In October of 1967, the Westmoreland Davis Memorial Foundation opened Morven Park to the public. Established by Marguerite Davis in honor of her late husband, Westmoreland Davis, WDMF is dedicated to preserving the open space, historic buildings, and unique artifacts of Morven Park.
Marguerite and Westmoreland Davis, the last private owners of Morven Park, purchased the estate in 1903. Westmoreland Davis, already a successful attorney, established a livestock farm, raising dairy cattle, hogs, sheep, and poultry at Morven Park. His interest in helping other farmers in the commonwealth led to his election as Governor of Virginia in 1917. During Governor Davis’s term in office (1918-1922), Marguerite volunteered in a munitions factory to support the World War I effort and then served as a nurse during 1918-1919 influenza pandemic. When they returned to Morven Park in 1922, Governor Davis continued managing his farm, turning his attention to raising turkeys, and Marguerite focused on the creation of her prized boxwood gardens. Following Governor Davis’s death in 1942, Marguerite left Morven Park in the hands of a caretaker. In 1957, she established the non-profit Westmoreland Davis Memorial Foundation to manage and maintain Morven Park following her death.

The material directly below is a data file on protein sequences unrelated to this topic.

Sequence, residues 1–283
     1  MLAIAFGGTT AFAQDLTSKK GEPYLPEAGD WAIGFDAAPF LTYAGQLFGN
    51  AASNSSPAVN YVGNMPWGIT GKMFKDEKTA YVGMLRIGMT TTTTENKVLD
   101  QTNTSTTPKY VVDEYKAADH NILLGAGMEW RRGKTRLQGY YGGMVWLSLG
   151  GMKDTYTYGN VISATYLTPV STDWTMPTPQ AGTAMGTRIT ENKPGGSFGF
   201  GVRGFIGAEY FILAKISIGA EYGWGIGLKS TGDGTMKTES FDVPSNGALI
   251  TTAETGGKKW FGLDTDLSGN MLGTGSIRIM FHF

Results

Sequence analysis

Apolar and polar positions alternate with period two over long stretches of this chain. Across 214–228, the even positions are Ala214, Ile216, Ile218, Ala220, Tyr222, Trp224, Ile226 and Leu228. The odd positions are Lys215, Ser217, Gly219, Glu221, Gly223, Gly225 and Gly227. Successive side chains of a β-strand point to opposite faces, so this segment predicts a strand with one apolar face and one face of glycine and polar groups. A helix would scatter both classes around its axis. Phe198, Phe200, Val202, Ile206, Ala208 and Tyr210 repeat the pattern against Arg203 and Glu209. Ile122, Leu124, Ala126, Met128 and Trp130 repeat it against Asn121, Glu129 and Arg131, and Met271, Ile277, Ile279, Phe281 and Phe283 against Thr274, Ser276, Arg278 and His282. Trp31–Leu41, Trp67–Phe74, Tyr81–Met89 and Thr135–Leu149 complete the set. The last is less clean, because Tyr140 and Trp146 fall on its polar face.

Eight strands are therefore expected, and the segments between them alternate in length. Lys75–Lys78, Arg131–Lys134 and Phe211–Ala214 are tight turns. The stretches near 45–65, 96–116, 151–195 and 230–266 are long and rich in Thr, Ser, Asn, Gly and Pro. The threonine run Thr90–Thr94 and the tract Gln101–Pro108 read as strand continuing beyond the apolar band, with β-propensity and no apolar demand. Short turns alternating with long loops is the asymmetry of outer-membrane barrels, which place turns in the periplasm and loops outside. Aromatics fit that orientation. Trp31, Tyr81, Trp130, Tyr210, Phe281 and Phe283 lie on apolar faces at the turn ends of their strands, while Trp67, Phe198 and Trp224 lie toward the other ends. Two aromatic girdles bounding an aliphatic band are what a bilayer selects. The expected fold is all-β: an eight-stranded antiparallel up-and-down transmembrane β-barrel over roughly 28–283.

Today, the Davis Mansion retains its early 20th century appearance, and each of the rooms explored during the tour contain the Davis’s original furnishings and décor. Tours of the mansion not only introduce visitors to Governor and Mrs. Davis, but also explore the social and political themes that shaped life in Loudoun County, Virginia, during the first half of the 20th century.
Although the Davis Mansion represents the property’s 20th century history, the Morven Park grounds and outbuildings embody a much longer and more complex narrative. From around 1800 until 1864, approximately 80 men, women, and children were enslaved at Morven Park. Research into the lives of these individuals is in progress with the goal of recognizing and honoring their experiences and contributions. As our review of historic documents and data advances, new information will continue to be shared with the public through our guided tours and other offerings. To learn more about these on-going efforts, CLICK HERE.
The WDMF board and team invite you to visit Morven Park to explore the expansive grounds and wooded ridge. To tour the Davis Mansion, or register for an upcoming history program, CLICK HERE.